This puzzle was also extremely challenging for a Wednesday. I think this might be a factor of being one those of us who haven't been solving for decades. It seems like that might be the difference in the rating and the not minding the staleness of the theme as much, but the staleness in some of the fill was grating. SET-TO was clued horrendously. Still overall okay.

Rony Vardi 7:06 AM  

Same. BOWSPRIT is entirely new to me.

Sir Hillary 7:10 AM  

Didn't care for this one; it had a bunch of little flaws that added up. The grid felt very segmented; 3x3 in the NW always PUTZ me in a cranky mood, and the straits to the NE and SW felt too narrow. The theme is OK, but it leads to gunk like ZICAM, SEZ and ZEE. PEES and ZEE in the same grid is annoying. Clues for RED and DAN are too cute by half. I know HELM can be a nouns, but is it ever really pluralized in actual usage?

I did enjoy thinking of a TWIT who wanted to YAMMER so badly that he ORATED from multiple DAISES, causing everyone to DOZEOFF. So there's that.

Oh wait, one more beef...How come 34A wasn't clued as Rows #4-#6 in a theater? :)

maverick 7:11 AM  

Whoops, this was me. Not sure why I went anonymous again. I blame hiccups with my new phone.

kitshef 7:20 AM  

Alternative clue for 9A: Rows 6-4 in a movie theater.

In the olden days, pre-1920, the clues for SOG almost always indicated that it was dialectal. Now, we seem to just pretend it’s a normal word.

Best themer: STAYING PUTZ - though I'm sure someone will object to the etymology of 'putz'.
Worst themer: ANTI-GEN Z. 'Postmillenial' has a very different meaning to me.

Son Volt 7:24 AM  

Yep - the big guy nailed it. Cute, old school trickery but oddly filled and disjoint. I laughed at STAYING PUTZ - the others tended flat. The shorts in each of the corners don’t help - add DAISES, EMERITI, T GEL etc and it lost me.

Too much effort honoring @Z - lost sight of the big picture.

Peaches in the summertime

maverick 7:25 AM  

Another thing I know only because of xwords. Though, I'm sure I should have picked this one up in some Melville novel or something. ZICAM was pure trash, but at least there wasn't *too* much of that today.

Mack 7:29 AM  

@Rex: It was the bison that was hunted to near-extinction, not a buffalo. Different animals.
@SouthsideJohnny: Coyotes do YIP; it's a very distinct sound and makes it easy to know when there's one in the vicinity.

I'm with Rex on this one: I don't mind these kind of themes but today wasn't very interesting. Then again, I also had the darnedest time parsing the themers, even when I knew the gimmick. That probably had something to do with solving at 11:30 pm...
As for ORANGE, I think the clue works fine, even if it's needlessly misleading. You can have distinct shades of orange, and therefore say, "We need to pick an orange to paint this room."

Anonymous 7:39 AM  

I disagree. I thought red as part of an orange was brilliant. How many times have you run a red light or an almost red light and said to yourself or had your passenger say, it's okay it was just orange?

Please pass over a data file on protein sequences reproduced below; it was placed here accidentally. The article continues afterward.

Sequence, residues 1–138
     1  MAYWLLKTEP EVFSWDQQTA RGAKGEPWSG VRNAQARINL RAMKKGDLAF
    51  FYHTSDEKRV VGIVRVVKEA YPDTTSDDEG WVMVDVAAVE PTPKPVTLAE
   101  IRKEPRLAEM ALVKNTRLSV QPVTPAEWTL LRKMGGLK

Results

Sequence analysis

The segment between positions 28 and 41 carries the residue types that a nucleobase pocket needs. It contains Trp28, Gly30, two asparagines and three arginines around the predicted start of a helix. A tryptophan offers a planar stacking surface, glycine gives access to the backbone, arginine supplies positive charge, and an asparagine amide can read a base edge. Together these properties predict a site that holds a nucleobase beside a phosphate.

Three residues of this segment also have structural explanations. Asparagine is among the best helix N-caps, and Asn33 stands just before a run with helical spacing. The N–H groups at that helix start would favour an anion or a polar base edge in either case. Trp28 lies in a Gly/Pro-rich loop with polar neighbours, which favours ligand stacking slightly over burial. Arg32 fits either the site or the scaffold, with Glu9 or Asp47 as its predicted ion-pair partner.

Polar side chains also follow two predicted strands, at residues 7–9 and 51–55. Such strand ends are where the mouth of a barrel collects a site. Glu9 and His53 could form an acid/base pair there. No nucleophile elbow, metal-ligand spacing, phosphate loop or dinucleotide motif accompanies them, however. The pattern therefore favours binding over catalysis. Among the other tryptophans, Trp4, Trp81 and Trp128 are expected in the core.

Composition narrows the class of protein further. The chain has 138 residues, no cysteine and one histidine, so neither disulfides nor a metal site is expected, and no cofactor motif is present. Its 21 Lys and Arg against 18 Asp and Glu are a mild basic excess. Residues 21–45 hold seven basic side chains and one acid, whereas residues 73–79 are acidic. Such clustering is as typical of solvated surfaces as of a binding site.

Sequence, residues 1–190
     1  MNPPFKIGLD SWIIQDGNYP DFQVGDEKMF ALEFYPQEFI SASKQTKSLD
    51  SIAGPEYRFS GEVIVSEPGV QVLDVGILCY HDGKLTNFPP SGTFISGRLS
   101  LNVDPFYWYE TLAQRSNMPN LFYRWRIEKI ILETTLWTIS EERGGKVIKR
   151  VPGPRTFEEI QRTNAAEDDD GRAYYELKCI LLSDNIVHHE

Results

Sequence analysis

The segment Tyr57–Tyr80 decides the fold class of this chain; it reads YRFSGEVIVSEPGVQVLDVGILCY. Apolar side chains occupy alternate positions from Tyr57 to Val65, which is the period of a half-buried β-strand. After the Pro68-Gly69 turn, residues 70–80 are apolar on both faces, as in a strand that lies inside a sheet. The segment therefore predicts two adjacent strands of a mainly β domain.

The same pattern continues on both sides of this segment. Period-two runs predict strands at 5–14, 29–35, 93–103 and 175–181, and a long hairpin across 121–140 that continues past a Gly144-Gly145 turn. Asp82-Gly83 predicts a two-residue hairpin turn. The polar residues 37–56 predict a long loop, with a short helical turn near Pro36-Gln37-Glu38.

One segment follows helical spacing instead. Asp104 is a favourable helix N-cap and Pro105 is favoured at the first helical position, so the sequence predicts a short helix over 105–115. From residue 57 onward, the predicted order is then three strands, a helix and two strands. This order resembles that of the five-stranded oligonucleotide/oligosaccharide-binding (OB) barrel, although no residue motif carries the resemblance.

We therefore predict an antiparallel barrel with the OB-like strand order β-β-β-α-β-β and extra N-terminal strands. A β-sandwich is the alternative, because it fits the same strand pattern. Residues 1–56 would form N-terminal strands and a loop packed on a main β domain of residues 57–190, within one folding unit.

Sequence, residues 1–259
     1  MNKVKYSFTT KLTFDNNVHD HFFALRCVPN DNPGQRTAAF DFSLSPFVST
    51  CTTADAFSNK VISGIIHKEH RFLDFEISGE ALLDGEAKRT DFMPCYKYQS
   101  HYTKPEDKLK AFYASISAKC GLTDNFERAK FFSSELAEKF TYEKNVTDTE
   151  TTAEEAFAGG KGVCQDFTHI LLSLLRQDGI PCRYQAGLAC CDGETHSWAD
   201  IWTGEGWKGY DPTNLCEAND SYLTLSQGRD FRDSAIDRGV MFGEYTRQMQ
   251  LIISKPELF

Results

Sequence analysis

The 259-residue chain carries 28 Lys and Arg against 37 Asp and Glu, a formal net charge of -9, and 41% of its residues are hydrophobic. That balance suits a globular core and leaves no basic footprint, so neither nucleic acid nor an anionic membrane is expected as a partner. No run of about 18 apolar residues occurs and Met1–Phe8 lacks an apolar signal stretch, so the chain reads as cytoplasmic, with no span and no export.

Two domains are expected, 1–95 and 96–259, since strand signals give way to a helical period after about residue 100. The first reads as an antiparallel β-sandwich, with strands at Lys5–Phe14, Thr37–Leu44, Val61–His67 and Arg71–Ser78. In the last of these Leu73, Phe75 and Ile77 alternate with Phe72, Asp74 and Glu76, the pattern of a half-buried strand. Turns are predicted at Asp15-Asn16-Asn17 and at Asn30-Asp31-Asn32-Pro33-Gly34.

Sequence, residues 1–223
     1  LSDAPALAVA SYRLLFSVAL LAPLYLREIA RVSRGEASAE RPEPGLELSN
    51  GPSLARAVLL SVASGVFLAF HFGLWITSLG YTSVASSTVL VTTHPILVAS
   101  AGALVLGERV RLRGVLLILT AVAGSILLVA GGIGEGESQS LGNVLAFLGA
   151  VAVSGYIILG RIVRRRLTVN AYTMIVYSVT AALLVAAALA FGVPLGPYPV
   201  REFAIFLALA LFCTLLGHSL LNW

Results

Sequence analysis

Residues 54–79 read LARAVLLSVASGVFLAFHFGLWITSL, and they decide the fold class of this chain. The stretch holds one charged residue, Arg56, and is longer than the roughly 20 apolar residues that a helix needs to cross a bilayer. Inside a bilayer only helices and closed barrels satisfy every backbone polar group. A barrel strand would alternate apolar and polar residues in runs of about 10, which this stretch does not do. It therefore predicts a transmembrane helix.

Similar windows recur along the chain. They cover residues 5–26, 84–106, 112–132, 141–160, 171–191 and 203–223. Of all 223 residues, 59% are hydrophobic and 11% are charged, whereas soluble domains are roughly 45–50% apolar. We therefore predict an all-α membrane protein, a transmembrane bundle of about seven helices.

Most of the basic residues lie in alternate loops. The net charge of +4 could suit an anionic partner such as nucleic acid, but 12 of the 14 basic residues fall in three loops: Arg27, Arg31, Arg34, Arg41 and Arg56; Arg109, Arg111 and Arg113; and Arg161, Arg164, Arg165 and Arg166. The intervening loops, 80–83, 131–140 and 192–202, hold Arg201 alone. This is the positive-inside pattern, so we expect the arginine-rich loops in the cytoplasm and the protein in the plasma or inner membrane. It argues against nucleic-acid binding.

Lewis 7:40 AM  

Clever. And fun!

I mean, Z is a fun letter. Who doesn’t like to see Z? And it really stands out at the end of a word. Has anyone ever thought of this theme before? I don’t think so. Kudos to Gary for picking it out of the ether.

And PUTZ! It has yet to show up as a solo NYT answer, and has showed up but once in the major outlets. And just to in-your-face it one level up, Gary crosses it with PEES!

Just a reminder: Gary had 41 rejections in a row before he finally got a NYT yes, and then had to go through 11 revisions to get that puzzle published. Now he’s had seven NYT puzzles published. Therein lies Inspiring tenacity which allowed his talent to blossom.

A clean grid that included 12 answers with Z, not to mention a fairly high 50 theme squares, so there are skilled chops underlying this grid.

Some lovely serendipities. To balance off all those Z-enders, there are eight answers starting with A. A water-related mini-theme (DAM, BOWSPRITZ, RAINHAT, DANK, KAYAKS, and a backward SEEP). A sweet PuzzPair© of ORATED and DAISES. Not to mention a FED up and ZIPPERS going down.

All in all, a brain pleaser and spirit lifter. Bravo and thank you, Gary!

Anonymous 7:42 AM  

I took orange here to mean the shade of a traffic light as you run the red but try to convince yourself and your passengers that it was still yellow...

Joe Dipinto 7:42 AM  

36d: Rows 19-21 in a theater. How many more can we find?

Aaron 7:46 AM  

Brief Brouhaha is SETTO? What? No it in the hell is not, that's just nonsense. Worst clue I've ever seen, other than anytime the constructor wants us to name that jagaloon who now owns Twitter.

Liveprof 8:10 AM  

Wow, I forgot how great Armatrading and Redding are/were. Thanks, Boss.

SOSOON: A rainstorm that arrives early.

Loved STAYING PUTZ. Wish 35A could be Yiddished up a bit as BOW SHPRITZ.

Too bad coyotes don't say ARP.

mmorgan 8:18 AM  

Liked it much more than Rex (not unusual). I guess tried and true works for me.

Sutsy 8:19 AM  

Mostly enjoyable. Naticked in the SW: ARP, ATLAS crossing RITAORA.

Jim in Canada 8:40 AM